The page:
Under the Big Tree: Extraordinary Stories from the Movement to End Neglected Tropical Diseases

Under the Big Tree: Extraordinary Stories from the Movement to End Neglected Tropical Diseases is a collection of stories about neglected tropical diseases (NTDs), a group of bacterial and parasitic diseases that affect the world’s 1.5 billion poorest people. Previously, literature on NTDs consisted largely of textbooks, academic papers, and research articles. But engaging more people, from a greater variety of sectors, is helping to lift the burden of NTDs. The book’s purpose is to raise awareness—and to highlight some surprising, inspiring stories about this pivotal moment in which global collaboration, together with greater funding, technological advancements, and historic drug donations, are bringing an end to these diseases. Many countries have eliminated NTDs as a public health problem. However, many more disease-endemic countries remain, primarily in Africa. These countries and the five most prevalent NTDs(trachoma, schistosomiasis, river blindness, lymphatic filariasis, and intestinal worms, e.g., hookworm), are the focus of Under the Big Tree. At the heart of the book are stories, drawn from hundreds of conversations and interviews with men and women engaged on every side of this monumental worldwide movement.

The reader meets Mwele Malecela, who launched Tanzania’s lymphatic filariasis (LF) program and turned down thousands of dollars in order to protect the program’s integrity; Jacques Sebisaho, who spearheaded a program on the island of Idwji, in the eastern Democratic Republic of Congo, to address not only NTDs but all health care; Michael Kremer, an American economist whose research contributed to knowledge widely accepted today—that deworming children leads to higher earning potential later in life; and dozens more.

There is the story of ivermectin, a drug used to treat and prevent river blindness, a disease that can cause blindness and/or devastating skin disease which includes intense, relentless itching. Prior to ivermectin, no remedy existed for river blindness. In 1974, Robert McNamara, president of the World Bank, launched the Onchocerciasis Control Program (OCP) to spray larvicide on rivers throughout West Africa, killing larvae of the flies that transmit the disease-causing parasite. The same year, from a scoop of soil taken near a golf course in Japan, microorganisms were extracted and sent to Merck Sharp and Dohme (MSD) in New Jersey. Scientists there, led by William C. Campbell, realized that one of the microorganisms was an extremely powerful antibiotic, which they named ivermectin. In 1984, Ivomec was the number one selling pharmaceutical drug for livestock, effective against dozens of animal parasites and bacteria. (If you have ever given a dog a heartworm pill, you have likely handled ivermectin.) Dr. Campbell suggested testing ivermectin against river blindness. The drug was safe, stable, and highly effective. Just as OCP was approaching its geographical limits, Merck’s CEO, Roy Vagelos, announced that Merck would donate ivermectin to countries endemic with river blindness, “as much as needed, for as long as needed.” The commitment was a milestone not only for river blindness but for inspiring drug donations by other pharmaceutical companies. But how could ivermectin reach remote villages that badly needed it? The solution, which resulted in soaring coverage, was Community Directed Treatment with Ivermectin, by which villagers controlled the drug’s distribution.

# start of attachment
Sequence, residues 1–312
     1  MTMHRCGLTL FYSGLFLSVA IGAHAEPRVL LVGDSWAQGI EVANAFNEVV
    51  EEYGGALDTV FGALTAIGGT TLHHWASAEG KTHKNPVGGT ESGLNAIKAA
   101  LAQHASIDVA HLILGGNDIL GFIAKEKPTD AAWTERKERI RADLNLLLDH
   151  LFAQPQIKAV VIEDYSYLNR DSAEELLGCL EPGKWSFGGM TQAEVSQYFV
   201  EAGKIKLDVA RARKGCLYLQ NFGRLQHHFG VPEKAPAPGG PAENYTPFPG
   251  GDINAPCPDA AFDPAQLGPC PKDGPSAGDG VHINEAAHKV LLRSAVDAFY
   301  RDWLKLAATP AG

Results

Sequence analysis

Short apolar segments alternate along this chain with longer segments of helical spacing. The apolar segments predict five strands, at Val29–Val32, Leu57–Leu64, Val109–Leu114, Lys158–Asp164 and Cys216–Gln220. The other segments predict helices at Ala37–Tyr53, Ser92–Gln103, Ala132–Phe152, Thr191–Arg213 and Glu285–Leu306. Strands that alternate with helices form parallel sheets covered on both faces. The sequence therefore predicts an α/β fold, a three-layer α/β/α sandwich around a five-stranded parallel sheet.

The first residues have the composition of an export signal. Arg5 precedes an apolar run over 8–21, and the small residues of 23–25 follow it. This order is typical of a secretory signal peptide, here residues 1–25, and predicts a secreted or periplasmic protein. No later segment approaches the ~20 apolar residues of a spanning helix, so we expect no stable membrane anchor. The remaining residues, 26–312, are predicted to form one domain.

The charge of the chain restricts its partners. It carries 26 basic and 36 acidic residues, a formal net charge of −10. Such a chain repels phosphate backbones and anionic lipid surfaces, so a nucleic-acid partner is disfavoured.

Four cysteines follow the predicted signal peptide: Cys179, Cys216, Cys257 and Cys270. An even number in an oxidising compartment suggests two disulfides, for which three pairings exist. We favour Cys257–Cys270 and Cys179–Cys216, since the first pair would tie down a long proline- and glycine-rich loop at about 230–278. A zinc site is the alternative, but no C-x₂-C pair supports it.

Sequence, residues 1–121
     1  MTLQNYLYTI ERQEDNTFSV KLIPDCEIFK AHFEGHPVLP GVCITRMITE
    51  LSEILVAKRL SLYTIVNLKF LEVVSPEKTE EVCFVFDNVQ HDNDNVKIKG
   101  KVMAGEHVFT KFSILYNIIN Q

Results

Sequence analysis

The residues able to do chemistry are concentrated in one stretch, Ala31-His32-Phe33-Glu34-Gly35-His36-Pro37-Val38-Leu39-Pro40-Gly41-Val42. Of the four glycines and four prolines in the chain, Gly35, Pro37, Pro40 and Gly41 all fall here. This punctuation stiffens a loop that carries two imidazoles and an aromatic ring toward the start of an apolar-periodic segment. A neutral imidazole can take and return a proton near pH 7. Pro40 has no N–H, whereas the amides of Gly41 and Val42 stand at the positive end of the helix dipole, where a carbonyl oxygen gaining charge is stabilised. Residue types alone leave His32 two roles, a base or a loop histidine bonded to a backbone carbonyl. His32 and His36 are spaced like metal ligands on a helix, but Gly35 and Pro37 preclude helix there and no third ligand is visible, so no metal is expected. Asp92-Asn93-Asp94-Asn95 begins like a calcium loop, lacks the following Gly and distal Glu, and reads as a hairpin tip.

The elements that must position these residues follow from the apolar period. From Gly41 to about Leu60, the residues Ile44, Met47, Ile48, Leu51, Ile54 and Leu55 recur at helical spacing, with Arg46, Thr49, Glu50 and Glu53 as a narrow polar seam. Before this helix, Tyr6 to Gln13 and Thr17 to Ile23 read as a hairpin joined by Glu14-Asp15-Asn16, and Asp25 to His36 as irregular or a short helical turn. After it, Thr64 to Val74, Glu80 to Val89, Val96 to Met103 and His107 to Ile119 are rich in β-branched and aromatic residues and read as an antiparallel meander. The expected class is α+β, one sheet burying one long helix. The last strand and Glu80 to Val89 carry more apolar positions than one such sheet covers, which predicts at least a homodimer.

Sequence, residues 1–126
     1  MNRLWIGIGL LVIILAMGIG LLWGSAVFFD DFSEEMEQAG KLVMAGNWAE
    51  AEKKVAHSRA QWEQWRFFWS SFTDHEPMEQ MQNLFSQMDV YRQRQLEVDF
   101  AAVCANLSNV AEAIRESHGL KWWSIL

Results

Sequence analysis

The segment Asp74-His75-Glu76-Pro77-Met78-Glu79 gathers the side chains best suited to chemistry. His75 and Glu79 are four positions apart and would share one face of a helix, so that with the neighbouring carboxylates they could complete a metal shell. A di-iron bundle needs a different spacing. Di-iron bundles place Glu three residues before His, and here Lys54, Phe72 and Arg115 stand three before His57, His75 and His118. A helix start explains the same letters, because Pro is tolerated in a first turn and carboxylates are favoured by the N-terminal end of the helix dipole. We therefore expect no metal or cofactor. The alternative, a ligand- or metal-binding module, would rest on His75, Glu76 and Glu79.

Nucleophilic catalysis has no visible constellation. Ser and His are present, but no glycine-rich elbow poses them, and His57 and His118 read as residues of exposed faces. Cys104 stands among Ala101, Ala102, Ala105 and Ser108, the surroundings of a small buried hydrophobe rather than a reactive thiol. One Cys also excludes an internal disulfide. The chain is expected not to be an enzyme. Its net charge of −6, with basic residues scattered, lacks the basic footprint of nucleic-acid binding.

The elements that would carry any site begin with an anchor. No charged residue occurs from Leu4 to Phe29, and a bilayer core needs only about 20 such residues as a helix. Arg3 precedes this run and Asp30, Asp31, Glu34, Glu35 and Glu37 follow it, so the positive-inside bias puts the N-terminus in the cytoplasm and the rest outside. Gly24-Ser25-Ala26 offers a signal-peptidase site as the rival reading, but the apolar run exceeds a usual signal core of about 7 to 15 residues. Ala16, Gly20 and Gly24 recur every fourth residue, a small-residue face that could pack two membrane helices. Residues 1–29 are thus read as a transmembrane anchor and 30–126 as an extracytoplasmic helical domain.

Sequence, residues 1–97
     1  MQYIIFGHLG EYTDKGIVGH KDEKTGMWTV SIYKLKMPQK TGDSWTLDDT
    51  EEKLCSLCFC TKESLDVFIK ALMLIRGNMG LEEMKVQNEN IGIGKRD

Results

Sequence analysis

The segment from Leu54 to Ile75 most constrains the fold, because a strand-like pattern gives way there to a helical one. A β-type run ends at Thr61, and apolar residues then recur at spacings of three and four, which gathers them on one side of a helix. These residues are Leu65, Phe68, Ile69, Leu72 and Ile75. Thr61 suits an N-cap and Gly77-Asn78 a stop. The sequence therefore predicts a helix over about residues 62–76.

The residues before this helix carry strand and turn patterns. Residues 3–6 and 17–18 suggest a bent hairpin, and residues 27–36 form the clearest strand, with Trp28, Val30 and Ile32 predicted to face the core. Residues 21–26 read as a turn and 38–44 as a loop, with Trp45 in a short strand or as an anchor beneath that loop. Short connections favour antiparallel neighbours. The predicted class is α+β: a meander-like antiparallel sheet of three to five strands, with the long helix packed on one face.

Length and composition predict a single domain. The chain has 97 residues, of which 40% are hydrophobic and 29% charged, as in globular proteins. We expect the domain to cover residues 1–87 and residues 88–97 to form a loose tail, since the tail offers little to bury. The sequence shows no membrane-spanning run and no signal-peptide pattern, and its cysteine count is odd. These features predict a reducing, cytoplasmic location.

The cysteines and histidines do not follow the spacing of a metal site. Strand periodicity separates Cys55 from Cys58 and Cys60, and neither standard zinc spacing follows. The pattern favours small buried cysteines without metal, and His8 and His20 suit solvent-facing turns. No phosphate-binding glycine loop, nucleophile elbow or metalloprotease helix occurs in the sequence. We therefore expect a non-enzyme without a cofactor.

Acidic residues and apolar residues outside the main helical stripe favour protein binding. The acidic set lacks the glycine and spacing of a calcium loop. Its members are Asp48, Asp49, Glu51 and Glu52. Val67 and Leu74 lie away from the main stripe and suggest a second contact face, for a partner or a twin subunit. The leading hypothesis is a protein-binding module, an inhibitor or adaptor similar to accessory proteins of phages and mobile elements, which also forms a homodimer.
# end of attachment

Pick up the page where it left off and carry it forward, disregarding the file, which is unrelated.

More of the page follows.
As of December 2018, WHO has verified the elimination of river blindness in Colombia, Ecuador, Guatemala, and Mexico. The elimination of trachoma and LF as public health problems has been validated in ten countries. As Under the Big Tree’s chapter one concludes:

With much success behind us, and more work to do, we are at a tipping point for NTDs. What will the future be? It could be this: These diseases plagued humans for thousands of years. Then, following radical advancements in medicine, technology, and global collaboration, they didn’t.

Ellen Agler is the CEO of the END Fund. Mojie Crigler is the author of Get Me Through Tomorrow: A Sister's Memoir of Brain Injury and Revival. Together, they are the authors of Under the Big Tree: Extraordinary Stories from the Movement to End Neglected Tropical Diseases.